and upon reflection afterwards. He had been adjusting incrementally as he
reacts to the audience. He makes mental notes such as, “That‟s something
new.” He told TNH the time has come for thorough re-examination - the
translation and the whole presentation.
He made it clear that he tries not to cater to particular audiences, but he does
make adjustments. If he is with “a bunch of kids who just want to find the
funny moments then what you do is slow down and articulate carefully so they
understand the words.” This is good point to mention The Voice, the sound
well known to Simonides‟ theatrical and radio audiences. The words articulate
and resonant do not do it justice. It suffices to say that in his radio incarnation
Simonides can make the offerings of a gyro stand sound like a banquet at the
famed Palm restaurant. So even youths not destined to be philosophy
professors pay attention, but to do justice to his gifts, he must takes his craft
seriously. He continues that with a light audience, “You focus on the humorous
part to show it‟s not just a joke, but you show there is more to it, and you invite
them to participate at their best.” He warned that if an actor is not careful he
can turn The Apology into a farce, which would destroy its value. The value is
high. The proof of the purity of the alloy that is forged is that invitations keep
coming. At this time, all his projects together have invitations from about 40
countries. He has performed in front of the iconic ancient Library of Celsus in
Ephesus, the Roman amphitheaters in Kos and Rhodes and is in conversation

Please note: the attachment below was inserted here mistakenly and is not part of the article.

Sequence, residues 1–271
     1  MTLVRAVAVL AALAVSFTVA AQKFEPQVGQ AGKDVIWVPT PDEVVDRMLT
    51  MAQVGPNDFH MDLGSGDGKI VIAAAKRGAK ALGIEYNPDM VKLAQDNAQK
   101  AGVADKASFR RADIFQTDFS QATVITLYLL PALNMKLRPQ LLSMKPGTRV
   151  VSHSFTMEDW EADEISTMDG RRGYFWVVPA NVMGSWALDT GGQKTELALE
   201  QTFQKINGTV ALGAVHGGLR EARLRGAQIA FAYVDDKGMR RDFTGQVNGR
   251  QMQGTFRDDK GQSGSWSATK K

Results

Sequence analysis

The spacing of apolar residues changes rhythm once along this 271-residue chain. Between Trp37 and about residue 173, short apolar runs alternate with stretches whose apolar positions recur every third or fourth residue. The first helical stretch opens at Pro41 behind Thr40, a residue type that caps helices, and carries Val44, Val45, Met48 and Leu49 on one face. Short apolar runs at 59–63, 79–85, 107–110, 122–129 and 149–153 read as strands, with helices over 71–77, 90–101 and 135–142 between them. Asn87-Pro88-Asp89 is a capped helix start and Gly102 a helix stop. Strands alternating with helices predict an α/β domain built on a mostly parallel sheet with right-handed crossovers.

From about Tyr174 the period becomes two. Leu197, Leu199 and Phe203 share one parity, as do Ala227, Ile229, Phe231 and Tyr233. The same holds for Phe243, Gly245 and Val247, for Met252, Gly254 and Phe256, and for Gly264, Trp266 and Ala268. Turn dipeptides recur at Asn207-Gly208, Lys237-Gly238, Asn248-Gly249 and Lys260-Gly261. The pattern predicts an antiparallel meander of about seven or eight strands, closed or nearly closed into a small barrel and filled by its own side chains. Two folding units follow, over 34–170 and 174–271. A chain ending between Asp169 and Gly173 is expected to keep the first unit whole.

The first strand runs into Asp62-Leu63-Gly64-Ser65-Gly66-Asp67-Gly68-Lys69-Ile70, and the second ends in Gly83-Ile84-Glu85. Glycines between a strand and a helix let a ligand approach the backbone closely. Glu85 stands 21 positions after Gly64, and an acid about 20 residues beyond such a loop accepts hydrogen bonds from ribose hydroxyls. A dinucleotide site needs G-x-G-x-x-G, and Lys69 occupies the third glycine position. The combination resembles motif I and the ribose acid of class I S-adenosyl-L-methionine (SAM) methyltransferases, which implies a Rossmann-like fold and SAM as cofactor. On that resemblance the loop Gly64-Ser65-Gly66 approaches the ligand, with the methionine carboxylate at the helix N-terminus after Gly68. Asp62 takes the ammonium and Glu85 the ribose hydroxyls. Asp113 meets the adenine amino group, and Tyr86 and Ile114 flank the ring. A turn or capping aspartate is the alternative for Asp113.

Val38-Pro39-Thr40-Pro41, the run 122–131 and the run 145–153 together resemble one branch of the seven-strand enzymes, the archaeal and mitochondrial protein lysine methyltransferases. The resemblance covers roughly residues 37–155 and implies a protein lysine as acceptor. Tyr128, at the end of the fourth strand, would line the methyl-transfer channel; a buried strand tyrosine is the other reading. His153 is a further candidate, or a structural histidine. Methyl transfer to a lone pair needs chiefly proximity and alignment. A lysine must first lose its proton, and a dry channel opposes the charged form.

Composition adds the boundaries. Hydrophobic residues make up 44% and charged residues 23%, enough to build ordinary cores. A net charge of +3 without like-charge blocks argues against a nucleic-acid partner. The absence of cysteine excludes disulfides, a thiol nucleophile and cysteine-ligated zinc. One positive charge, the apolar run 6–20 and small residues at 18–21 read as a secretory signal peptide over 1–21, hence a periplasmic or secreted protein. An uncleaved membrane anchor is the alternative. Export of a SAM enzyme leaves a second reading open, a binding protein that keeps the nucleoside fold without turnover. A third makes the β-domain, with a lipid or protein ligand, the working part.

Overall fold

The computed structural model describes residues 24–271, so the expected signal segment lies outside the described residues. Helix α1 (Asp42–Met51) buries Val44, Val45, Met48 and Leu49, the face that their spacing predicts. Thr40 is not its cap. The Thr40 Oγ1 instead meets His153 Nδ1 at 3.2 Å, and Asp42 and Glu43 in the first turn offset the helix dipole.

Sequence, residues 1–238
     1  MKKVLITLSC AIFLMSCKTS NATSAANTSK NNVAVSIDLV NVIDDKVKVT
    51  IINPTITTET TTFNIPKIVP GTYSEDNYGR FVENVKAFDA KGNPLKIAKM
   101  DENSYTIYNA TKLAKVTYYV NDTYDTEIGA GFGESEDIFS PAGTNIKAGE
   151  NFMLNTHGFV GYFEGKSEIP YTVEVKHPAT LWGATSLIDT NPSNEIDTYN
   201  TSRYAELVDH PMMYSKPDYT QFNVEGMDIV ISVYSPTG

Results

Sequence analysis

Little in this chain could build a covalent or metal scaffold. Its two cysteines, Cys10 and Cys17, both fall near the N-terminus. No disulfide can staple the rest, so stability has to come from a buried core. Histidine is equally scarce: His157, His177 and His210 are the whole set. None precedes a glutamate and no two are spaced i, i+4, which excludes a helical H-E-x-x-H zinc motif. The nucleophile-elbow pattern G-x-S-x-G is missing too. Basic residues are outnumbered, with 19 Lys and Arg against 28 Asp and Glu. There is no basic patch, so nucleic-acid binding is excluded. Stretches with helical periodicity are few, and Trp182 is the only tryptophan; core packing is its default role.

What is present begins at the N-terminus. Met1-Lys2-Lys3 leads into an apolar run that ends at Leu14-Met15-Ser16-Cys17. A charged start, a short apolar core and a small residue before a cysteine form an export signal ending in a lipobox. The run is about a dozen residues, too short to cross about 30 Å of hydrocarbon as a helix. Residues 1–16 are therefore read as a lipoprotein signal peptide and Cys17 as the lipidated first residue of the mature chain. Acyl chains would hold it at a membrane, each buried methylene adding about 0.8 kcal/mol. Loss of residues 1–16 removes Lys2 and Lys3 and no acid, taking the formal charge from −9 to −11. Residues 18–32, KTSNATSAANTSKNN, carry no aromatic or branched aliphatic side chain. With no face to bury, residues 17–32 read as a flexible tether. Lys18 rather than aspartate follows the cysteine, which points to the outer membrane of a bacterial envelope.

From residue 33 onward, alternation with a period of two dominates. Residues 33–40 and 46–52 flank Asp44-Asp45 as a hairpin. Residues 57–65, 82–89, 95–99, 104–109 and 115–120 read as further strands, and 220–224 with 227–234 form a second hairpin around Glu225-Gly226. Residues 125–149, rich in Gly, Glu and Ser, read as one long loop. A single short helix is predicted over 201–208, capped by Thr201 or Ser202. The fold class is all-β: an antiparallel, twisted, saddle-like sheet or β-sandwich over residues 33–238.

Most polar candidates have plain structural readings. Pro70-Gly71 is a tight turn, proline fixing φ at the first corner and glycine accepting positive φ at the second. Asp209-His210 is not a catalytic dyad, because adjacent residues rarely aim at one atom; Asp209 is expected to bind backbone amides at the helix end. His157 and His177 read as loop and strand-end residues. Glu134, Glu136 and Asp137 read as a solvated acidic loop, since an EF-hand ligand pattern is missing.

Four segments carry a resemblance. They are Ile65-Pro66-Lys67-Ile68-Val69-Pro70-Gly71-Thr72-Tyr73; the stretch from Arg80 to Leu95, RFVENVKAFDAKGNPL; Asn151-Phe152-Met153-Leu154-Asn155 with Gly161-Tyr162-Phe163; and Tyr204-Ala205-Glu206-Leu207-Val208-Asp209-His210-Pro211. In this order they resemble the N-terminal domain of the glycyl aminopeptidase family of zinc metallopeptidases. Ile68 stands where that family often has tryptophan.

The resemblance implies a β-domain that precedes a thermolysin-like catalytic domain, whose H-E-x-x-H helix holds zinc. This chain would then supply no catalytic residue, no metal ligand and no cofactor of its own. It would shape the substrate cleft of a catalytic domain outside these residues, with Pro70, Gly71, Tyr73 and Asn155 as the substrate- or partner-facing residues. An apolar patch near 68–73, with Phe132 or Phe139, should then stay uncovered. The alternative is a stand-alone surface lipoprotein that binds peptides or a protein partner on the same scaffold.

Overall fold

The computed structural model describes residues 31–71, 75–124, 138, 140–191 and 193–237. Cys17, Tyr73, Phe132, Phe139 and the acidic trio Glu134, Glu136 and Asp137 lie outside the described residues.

institutions in Japan, Australia, South Africa, the UAE and the Americas about
bringing Socrates and Homer there. Simonides performs in Greek and English,
and projected onto a large screen are texts in French and Spanish; translations
are being developed for German, Russian, Polish Arabic and Turkish. They
been invited take Socrates to Bogazici and Istanbul Universities, where there
will be much food for thought as Turkey prepares for watershed elections this
June and are in the midst of trials and investigations of the bizarre Ergenekon
conspiracy that raises questions about who really governs in Turkey and who
should govern – the Socratic questions pare excellence.
“Socrates” observes as Simonides makes a subtle point.
Simonides gives credit for the modern impact of his portrayal of Socrates to the
“aliveness” of man himself.
“He made people either totally amused or very angry. He was the life of the
party,” he said of “this flesh and bones human being, who never wrote a word”
and about whom we have only a few brief descriptions. “But he inspired such a
growth of thought in Athens and beyond for 2500 years.” He told TNH he is
most proud of the fact that his performances send young people who thought
Greek philosophy was boring back to the text. And where he once encountered
opposition to having translations of his projects for minorities in Greece, Greek
officials “now see the of such initiatives. Simonides said he also knows that
Socrates still resonates within Greece. If Greece defaults, it will have a
shattering effect on Greeks with the rest of the world watching. He agreed with
TNH that Greece needs a Socrates now. First and foremost, he saw things
clearly and called them for what they were. In connection with the Apology,
Simonides has made presentations on ethics to banks and medical, legal and
governmental institutions because of the plays value calling for critical
thinking. He has been told: “We make life and death decisions here. We need
this,” and said that 90% of the time, and the discussion is equal in importance
to the performance, and preparing for them is also a great challenge, “to
Withstand the intellectual curiosity of the audience and the questions the
performance elicits.” He must read and reread Plato‟s works and books, not to
be prepared for the Oxford don but so that he can respond in an inspiring way